Advertising For Dummies
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Facebook Pages allow admins to post content as the Page or as a profile. This gives admins the flexibility to express both the brand voice and their personal voice. This can help you develop a public voice without compromising your personal opinions.

For example, admins of the National Wildlife Federation Facebook Page are invested and interested in conservation issues outside of their job description. They participate in nature-related activities on the weekends and after work because they sincerely care about protecting wildlife. As Facebook admins, they can post updates on recent legislation impacting wildlife conservation, and follow up those posts with personal comments as individuals.

How to switch between posting as a profile and posting as a Page

To post as a Page, first go to your Facebook Page and log in. When you log in to Facebook as a person using your profile and visit your Facebook Page, you automatically assume the voice of your Page when posting content to your Page and replying to commenters on your Page.

If you want to switch your voice to your personal profile and post as a person on your Page, simply click the Change to Your Name link.


The feature that allows you to switch between voices on your page is limited to your own Facebook Page. But what about posting on other Pages as your Page? The default setting for all Facebook users is that on Facebook Pages that they do not administrate, they post as people, not as a Page.

How to post as a Page on other Pages

Facebook also allows Facebook admins the ability to completely log out as a profile and log in as a Page. This gives marketers the ability to build a presence throughout Facebook by commenting on, liking, and sharing content from other Pages.

To log in as your Page, simply click the gear icon at the top of Facebook and select the Page that you’d like to log in as.


After making this switch, you can post as the Page you selected. You can comment on, like, and share updates from other Pages, post updates on other Pages, tag other Pages in updates on your Page (you must like their Page first), and tag other Pages in your photos (you must like their Page first).

When logged in as your Page, you can also view your Page’s News Feed. Your Page’s News Feed, which is different from your profile’s News Feed, shows you updates from all the Pages that you’ve liked as a Page. You can also comment on, like, and share updates directly in your Page News Feed in the same way you would if you were logged in with your personal profile.


Note that in the menu bar of Facebook (at the very top of any Facebook page), you can also view the latest notifications about fan activity, notifications about new fans, and even see a high-level overview of your Page Insights.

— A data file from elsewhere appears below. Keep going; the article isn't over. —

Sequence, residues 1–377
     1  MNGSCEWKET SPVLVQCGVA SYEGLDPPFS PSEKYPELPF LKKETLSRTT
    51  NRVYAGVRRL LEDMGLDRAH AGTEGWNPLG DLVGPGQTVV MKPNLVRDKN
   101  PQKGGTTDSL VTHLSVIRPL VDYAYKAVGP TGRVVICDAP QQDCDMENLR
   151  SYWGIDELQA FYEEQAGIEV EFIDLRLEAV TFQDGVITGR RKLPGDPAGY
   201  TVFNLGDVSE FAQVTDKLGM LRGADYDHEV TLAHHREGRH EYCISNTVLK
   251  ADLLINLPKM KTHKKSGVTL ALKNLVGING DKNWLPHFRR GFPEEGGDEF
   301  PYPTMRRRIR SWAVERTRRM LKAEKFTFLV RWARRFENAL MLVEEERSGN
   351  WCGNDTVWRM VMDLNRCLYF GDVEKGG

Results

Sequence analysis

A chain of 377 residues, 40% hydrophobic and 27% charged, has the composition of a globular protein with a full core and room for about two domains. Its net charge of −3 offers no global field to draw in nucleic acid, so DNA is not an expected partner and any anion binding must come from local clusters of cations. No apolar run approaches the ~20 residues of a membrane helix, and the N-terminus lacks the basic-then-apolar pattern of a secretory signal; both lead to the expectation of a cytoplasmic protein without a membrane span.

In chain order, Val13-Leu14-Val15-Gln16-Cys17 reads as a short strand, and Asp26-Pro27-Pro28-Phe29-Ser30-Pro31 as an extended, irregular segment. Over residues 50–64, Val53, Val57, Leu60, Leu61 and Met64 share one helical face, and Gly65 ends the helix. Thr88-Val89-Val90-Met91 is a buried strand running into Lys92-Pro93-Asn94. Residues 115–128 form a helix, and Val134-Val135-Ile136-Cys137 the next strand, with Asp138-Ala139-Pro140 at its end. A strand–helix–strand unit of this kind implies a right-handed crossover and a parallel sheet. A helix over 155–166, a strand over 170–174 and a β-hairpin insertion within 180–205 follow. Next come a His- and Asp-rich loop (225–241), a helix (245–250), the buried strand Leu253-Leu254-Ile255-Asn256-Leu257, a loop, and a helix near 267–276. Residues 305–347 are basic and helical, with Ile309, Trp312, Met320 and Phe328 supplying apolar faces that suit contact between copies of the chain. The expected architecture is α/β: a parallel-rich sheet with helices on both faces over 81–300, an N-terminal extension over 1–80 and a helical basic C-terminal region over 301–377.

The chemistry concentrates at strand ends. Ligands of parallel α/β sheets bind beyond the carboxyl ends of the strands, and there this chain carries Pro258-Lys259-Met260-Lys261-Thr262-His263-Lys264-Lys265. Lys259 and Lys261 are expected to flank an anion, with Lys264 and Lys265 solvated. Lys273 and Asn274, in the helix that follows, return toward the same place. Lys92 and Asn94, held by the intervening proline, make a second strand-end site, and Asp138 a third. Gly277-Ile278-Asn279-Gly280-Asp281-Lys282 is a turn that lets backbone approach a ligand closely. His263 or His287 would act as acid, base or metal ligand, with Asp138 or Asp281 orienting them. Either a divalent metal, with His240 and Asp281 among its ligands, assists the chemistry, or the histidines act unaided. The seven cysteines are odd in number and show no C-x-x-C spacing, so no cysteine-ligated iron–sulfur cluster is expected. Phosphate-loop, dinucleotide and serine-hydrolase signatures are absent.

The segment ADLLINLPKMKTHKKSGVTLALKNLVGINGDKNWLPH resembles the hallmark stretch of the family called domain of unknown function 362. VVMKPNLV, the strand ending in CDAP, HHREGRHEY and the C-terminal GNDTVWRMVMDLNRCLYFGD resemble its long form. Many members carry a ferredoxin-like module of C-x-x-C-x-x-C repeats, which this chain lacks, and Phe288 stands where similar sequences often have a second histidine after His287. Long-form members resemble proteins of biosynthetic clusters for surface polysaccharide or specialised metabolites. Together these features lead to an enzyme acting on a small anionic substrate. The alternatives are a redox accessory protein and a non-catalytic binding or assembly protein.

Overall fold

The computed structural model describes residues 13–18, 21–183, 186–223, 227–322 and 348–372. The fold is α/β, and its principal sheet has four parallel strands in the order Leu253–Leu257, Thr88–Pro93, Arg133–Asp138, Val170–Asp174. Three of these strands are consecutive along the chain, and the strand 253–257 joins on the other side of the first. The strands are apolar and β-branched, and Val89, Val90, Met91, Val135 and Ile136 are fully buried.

Posting as a profile should be a personal choice

Deciding whether Facebook admins should post as their personal profile is a choice you should make, not one mandated by your boss. The reason is that when someone posts on a Page as a profile, that person is potentially opening herself up to friend requests from fans, which may be unwanted. Managers should always respect privacy of one’s personal profile.

That said, if an admin is a recognized thought leader, trusted pundit, or well-known member of your Facebook Page community, allowing him to post as a profile will only enhance the relationship fans have with your organization.

The difference between being helpful and being spam

Just because you can post on another Page as a Page doesn’t mean it’s always the smartest thing to do. Many Facebook marketers make the common mistake of posting to another Page in an attempt to promote their business, but the result is that they come across as spam. Two factors can determine whether your post on another Page will be perceived as spam:

  • The community doesn’t know you. As a web marketer, you may believe that the content you’re posting on another Page is quite obviously useful. For example, an owner of a pet supply store running a promotion on cat food might think it’s harmless to post info about the promotion on a local animal shelter’s Facebook Page. Still, many of that Page’s fans will perceive that post as self-promoting.

  • The community doesn’t trust you. If Facebook fans on another Page don’t know you, they probably don’t trust you because you haven’t yet established that bond with them.

The obvious solution here is to become a trusted member of that Page community before even thinking about promoting your own agenda.

One way to do this is to reply to posts on that Page in a way that contributes to that post’s topic and supports the Page’s agenda. In the pet supply store example, the store owner could improve his standing on the animal shelter’s Facebook Page by replying to, say, a post about a new dog up for adoption, and in his comments, provide fans useful information about that breed.

The more the pet supply store owner follows the strategy, the more he (and his store) will get noticed by fans of that Page.

Another way to do this is to promote the other Page’s agenda on your own Facebook Page by mentioning that Page in status updates.


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